Important Fine Art + Indigenous Art
29 November 2017


(1929 – 2012)

oil and synthetic polymer paint on linen

181.5 x 243.5 cm

signed and dated lower right: Juniper / 88
bears inscription verso: CAT NO. 1

$30,000 – 40,000
Sold for $48,800 (inc. BP) in Auction 52 - 29 November 2017, Melbourne

Australian Galleries, Melbourne (label attached verso, cat. 5071)
Private collection, Melbourne


Images of Australia by Robert Juniper, Australian Galleries, Melbourne, 5 – 26 October 1988, cat. 1


O’Brien, P., Robert Juniper, Craftsman House, Sydney, 1992, pp. 46, 128, pl. 37 (illus.)

Catalogue text

Robert Juniper was one of the most successful Western Australian artists of the second half of the twentieth century. With his colleagues Guy Grey-Smith and Brian McKay, he founded the Perth Group in 1958 which was that state’s first artist-collective devoted to the active support of modernist art. International exposure soon followed and by the early 1970s, his signature style of large landscapes seen from a high aspect was established. Depicted in washes of rich colour both stained and brushed, his domains were populated by figures and structures he encountered throughout his extensive travels. Homeward Bound, 1988 dates from a particularly fruitful period in his career when the artist was also undertaking a series of commissions for theatre productions, danceworks, public buildings, book illustrations and even the altar of a country church.

Born in the regional town of Merredin, Juniper’s parents took him to England whilst young and he undertook his art studies there between 1943 and 1947 at the Beckenham School of Art. On his return to Western Australia, he began exhibiting in group exhibitions and moved to the nearby Darling Ranges where the Grey-Smith family was already living. Inevitably, a strong friendship ensued which culminated in the bold plan of the Perth Group. In 1958, Rose Skinner opened Perth’s first properly commercial gallery and the artist-collective held a series of sell-out exhibitions there before disbanding. Through Skinner’s auspices, Juniper subsequently participated in the groundbreaking Recent Australian Painting at London’s Whitechapel Gallery in 1961, was featured in the Tate Gallery Exhibition of Australian Painting which was shown in both England and Canada in 1963; and held what was probably the first solo exhibition in Japan by an Australian artist the following year. The connection had other rewards too, such as Juniper’s meeting and subsequent life-long friendship with John Olsen who recognised a kindred spirit in the tall Western Australian: ‘Humanly, aesthetically, we share many common views: a feeling for the uniqueness of the Australian landscape, its vast spaces (and) the richness of emptiness.’1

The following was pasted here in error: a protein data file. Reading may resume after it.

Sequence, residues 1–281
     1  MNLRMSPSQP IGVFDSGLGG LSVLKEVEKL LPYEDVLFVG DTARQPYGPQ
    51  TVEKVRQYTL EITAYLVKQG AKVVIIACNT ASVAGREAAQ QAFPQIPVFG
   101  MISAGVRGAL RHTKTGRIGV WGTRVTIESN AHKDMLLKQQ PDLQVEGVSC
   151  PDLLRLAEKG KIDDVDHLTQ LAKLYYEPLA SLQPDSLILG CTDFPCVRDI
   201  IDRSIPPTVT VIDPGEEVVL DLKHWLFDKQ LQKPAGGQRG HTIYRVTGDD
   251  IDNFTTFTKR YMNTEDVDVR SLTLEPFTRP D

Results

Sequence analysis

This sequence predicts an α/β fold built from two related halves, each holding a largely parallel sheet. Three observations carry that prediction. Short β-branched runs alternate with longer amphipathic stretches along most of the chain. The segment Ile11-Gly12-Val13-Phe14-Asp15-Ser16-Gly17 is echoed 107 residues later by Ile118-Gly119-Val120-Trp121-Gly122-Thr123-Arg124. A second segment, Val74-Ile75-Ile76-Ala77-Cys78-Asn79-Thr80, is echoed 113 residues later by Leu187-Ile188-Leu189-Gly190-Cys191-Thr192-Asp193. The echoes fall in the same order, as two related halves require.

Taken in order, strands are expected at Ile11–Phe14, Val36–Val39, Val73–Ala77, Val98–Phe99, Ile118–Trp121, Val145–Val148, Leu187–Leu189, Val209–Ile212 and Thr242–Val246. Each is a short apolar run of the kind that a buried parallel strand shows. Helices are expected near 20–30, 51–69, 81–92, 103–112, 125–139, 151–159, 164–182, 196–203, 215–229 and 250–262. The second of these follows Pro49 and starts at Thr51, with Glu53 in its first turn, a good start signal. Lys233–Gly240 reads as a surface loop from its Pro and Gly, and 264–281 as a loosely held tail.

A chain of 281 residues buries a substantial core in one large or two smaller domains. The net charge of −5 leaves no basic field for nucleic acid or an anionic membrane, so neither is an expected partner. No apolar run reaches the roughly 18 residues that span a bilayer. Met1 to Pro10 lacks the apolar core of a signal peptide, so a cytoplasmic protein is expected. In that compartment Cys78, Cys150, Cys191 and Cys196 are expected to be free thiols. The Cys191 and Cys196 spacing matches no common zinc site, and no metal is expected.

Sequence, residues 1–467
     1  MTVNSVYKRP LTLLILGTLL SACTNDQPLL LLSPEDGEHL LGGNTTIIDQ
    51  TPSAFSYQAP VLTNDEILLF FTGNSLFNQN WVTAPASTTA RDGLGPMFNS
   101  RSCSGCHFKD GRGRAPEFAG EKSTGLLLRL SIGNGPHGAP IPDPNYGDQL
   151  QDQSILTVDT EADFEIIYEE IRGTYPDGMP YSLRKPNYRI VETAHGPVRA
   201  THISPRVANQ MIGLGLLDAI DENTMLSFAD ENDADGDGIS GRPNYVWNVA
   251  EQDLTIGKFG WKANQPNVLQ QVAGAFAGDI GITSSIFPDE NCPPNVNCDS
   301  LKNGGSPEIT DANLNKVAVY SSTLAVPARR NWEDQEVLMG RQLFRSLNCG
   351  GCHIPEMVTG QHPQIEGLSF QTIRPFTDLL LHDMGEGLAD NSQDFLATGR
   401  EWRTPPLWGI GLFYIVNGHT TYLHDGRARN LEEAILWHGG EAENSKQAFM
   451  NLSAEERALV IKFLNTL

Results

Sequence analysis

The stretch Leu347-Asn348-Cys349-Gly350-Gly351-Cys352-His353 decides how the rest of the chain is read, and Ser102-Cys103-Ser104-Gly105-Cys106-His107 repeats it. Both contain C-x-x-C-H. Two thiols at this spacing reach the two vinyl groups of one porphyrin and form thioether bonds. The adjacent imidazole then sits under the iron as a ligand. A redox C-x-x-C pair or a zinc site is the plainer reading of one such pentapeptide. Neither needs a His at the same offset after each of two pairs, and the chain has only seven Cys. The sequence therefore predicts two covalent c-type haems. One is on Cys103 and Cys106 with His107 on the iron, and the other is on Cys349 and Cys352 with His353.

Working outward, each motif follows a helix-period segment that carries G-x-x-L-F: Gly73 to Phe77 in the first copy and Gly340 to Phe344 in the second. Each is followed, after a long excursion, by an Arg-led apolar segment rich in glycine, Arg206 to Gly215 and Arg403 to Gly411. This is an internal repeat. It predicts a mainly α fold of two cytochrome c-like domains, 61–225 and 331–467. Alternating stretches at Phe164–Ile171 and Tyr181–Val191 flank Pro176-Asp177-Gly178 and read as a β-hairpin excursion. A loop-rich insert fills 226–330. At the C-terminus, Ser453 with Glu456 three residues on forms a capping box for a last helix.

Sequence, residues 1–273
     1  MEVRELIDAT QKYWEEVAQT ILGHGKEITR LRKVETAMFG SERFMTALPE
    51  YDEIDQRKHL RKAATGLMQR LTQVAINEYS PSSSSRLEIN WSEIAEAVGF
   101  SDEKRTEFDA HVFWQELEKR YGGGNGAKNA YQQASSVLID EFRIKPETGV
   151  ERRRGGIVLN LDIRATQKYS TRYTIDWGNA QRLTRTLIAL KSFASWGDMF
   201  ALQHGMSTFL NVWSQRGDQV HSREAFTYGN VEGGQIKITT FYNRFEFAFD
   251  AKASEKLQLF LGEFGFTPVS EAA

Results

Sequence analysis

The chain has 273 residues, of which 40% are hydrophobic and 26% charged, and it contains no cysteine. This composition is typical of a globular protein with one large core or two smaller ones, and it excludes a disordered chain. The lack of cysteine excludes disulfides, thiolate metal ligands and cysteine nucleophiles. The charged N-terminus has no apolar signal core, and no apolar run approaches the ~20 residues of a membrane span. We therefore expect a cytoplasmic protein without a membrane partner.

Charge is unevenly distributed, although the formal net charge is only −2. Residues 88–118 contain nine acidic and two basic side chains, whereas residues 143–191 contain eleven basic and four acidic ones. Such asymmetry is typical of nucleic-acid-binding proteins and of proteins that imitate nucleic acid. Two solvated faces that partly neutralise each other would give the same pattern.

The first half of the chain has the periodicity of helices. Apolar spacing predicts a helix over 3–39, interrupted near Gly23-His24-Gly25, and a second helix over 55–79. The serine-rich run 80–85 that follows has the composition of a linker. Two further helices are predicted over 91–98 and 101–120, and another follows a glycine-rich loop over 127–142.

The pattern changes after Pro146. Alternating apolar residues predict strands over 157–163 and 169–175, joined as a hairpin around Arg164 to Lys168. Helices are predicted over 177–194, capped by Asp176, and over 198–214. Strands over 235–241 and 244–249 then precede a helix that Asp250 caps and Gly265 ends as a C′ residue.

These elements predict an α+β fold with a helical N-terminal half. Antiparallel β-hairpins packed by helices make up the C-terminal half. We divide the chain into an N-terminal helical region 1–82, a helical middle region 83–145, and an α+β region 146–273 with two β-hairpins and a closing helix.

Homeward Bound is a key work in Juniper’s career which follows a revelatory visit to Broome and its environs in 1985. The image is a compendium of experiences, not an image of topographical fidelity, as he never painted in the field, preferring to work on large canvases laid flat on work tables in the studio. Of his approach, Juniper noted: ‘I like my landscapes to look as though they have been exposed to time and the elements like the landscapes they are derived from, hence my use of natural ochres, mineral sands, graphite, etc’.2 Set amidst a shimmering field of blues, pinks and browns, a column of horses bear their riders to a lonely destination occupied by a tall figure (possibly echoing the artist himself, always identifiable by his own distinctive broad hat) whose two canine companions bounce excitedly at the prospect of visitors. As ever, Juniper displays ‘fiercely disciplined draftsmanship and his brilliant control of descriptive outline (which) brings a feeling of great elegance and authority to his work’.3 Due to the undeniable impact of the painting, it was the first catalogue listing for his successful exhibition at Australian Galleries, Melbourne, in October 1988, selling almost as soon as the show opened.

1. Olsen, J., 1982, quoted in Olsen, J., Drawn from Life, Duffy and Snellgrove, Sydney, 1997, p. 186
2. ‘Artist’s Statement’, Artist in Focus 2: Robert Juniper, Art Gallery of Western Australia, Perth, 1988
3. Stringer, J. and Woldendorp, R., Artists in Residence, Sandpiper Press, Perth, 1995, p. 63